twenty-three years, and Plus IX, thirty,
two years, It Is quite within the limit
of possibility that Leo XUI will sur
pass the record of all except his Imme
Admits the Possibility or r-sycnioai
Phenomena, But No More.
Studies in psychical research, care
fully conducted, have a decided fasci-
ation for the investigating mind, the
idea that there may be something real
ly worth considering in mental telepa-
hy, thought transference and hypnot-
sm has been impressed upon many in
terested persons. Spiritualism nas ma
ny followers, but skeptics abound. It
has seemed more and more desirable
that some person or aggregation of per
sons find an answer to the question.
What is the truth?
In his book entitled "Studies in Psy
chical Research," Mr. Frank Podmore,
author of "Apparitions and Thought
Transference," has presented his own
record of a number of Investigations
conducted by the Society of Psychical
Research. This society was formed In
1882. In the opening chapter Mr. Pod
more explains the purpose of his book,
and says that "neither society nor any
of my colleagues are in any way com
mitted to the views expressed In this
book." He says:
In the chapters which follow an at
tempt will be made to estimate me
value of the work done up to the pres
ent time by the society through its
committees and by Individual members,
on the several lines of inquiry thus
mapped out, and to sketch briefly the
conclusions reached or indicated at the
Mr. Podmore's book was published Dy
the Putnams some months ago mm
contains a most interesting and com
prehensive view of the subject. Of the
spirit and method of the Investigations,
the author gays:
We did not, as already said, in un
dertaking the Inquiry, assume to ex
press any opinion beforehand on the
value of the evidence to be examined
Whatever the private bias of individ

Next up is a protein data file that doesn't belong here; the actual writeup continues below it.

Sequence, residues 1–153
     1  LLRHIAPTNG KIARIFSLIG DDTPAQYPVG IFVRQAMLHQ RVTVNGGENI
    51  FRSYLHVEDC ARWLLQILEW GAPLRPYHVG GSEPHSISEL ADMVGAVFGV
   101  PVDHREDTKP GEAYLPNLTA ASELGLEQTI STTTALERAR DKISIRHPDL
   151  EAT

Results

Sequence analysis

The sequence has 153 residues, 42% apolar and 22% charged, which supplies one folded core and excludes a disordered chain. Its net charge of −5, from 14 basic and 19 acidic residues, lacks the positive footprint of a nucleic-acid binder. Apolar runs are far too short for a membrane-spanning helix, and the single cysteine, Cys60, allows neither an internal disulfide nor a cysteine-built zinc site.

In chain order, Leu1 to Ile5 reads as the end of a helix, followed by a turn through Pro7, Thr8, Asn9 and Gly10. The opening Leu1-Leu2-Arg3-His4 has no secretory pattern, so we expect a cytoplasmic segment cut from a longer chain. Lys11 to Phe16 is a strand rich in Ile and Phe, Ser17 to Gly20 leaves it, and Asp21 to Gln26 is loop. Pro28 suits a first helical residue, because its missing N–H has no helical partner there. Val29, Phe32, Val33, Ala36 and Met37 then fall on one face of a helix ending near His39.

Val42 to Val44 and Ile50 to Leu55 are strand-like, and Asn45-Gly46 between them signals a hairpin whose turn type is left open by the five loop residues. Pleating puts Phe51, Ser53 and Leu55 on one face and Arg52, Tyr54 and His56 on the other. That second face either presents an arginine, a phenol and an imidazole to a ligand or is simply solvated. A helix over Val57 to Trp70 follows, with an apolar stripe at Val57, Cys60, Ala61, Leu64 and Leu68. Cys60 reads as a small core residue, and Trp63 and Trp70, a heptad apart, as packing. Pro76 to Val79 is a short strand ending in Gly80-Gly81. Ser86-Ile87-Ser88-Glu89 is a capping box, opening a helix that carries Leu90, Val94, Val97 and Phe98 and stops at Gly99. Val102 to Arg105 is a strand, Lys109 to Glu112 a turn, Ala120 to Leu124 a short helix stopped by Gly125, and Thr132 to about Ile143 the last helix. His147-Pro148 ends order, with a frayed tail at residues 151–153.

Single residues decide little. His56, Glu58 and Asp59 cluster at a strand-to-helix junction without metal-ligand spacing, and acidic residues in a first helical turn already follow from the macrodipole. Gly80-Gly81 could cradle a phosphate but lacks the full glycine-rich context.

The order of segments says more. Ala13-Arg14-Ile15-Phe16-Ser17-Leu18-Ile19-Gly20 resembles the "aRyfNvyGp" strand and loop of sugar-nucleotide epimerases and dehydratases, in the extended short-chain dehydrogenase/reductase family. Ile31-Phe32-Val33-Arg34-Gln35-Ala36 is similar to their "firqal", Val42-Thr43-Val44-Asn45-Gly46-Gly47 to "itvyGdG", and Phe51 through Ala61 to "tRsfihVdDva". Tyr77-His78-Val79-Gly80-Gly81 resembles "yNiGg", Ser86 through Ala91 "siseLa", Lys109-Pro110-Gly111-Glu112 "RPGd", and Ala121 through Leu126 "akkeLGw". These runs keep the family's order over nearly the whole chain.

ual members towards belief or disbe
lief, it cannot fairly be said that any
such bias has been allowed to pervert
the method of inquiry. To ascertain
the facts of the case, at whatever cost
to established opinions and prejudices,
has been the consistent aim of the so
cletv and its workers. If some of our
investigations have resulted in the de
tectlon of imposture, the discovery of
-rector! fallacies of sense and
memory, and the general disintegra
tion of some imposing structures built
upon too narrow foundations; whilst
others have revealed the occurrence oi
phenomena which neither chance nor
fraud nor fallacy of sense can plausibly
explain, and for which the present sci
entific synthesis can as yet find no
Dlace. It is pertlent to remember that
the investigators were in each case the
same, the methods pursued the same,
and the object in all cases was simply
the discovery of the truth.
"There is another not unnatural mis
conception of the nature of our work
Though fraud, and fraud of a particu
larly gross kind, is the most activ
force in producing some of the spurious
marvels which have been the subject of
our inquiries, yet fraud is, on the
whole, neither the prolific nor the most
dangerous source of error. In our ex
perimental work In thought-transfer
ence and the like, we have mainly had
to guard against an Innocent deception
and the more insidious because inno
cent the sub-conscious communication
of information by Indications too sub
tie to be apprehended by the normal
salt, but readily seized upon and inter
nreted by the automatic or somnambu
Ho consciousness. And in that part of
our work where experiment is preclud
ed by the nature of the facts, whic
has consisted, therefore, mainly in ob
talning and recording the testimony of
others to such spontaneous phenomena
viHlnns and apparitions, the real
source of error Is again the subcon
scious sophistication of the record, ow
Ing to the Instinctive tendency of the
Imagination to dramatic unity and
completeness. It is enough to say here
that our researches have led us gradu
ally to attach more and more import
ance to tne eueci ui -tunc uu
There are some Interesting scientific
hints in the conclusions of the Investi
gators. The fourth dimension of space
may have a bearing, upon so-called su
pernatural effects. Mr. Podmore says
of one Investigation.
"Zollner found experimental confir
mation of his hypothesis of a fourth di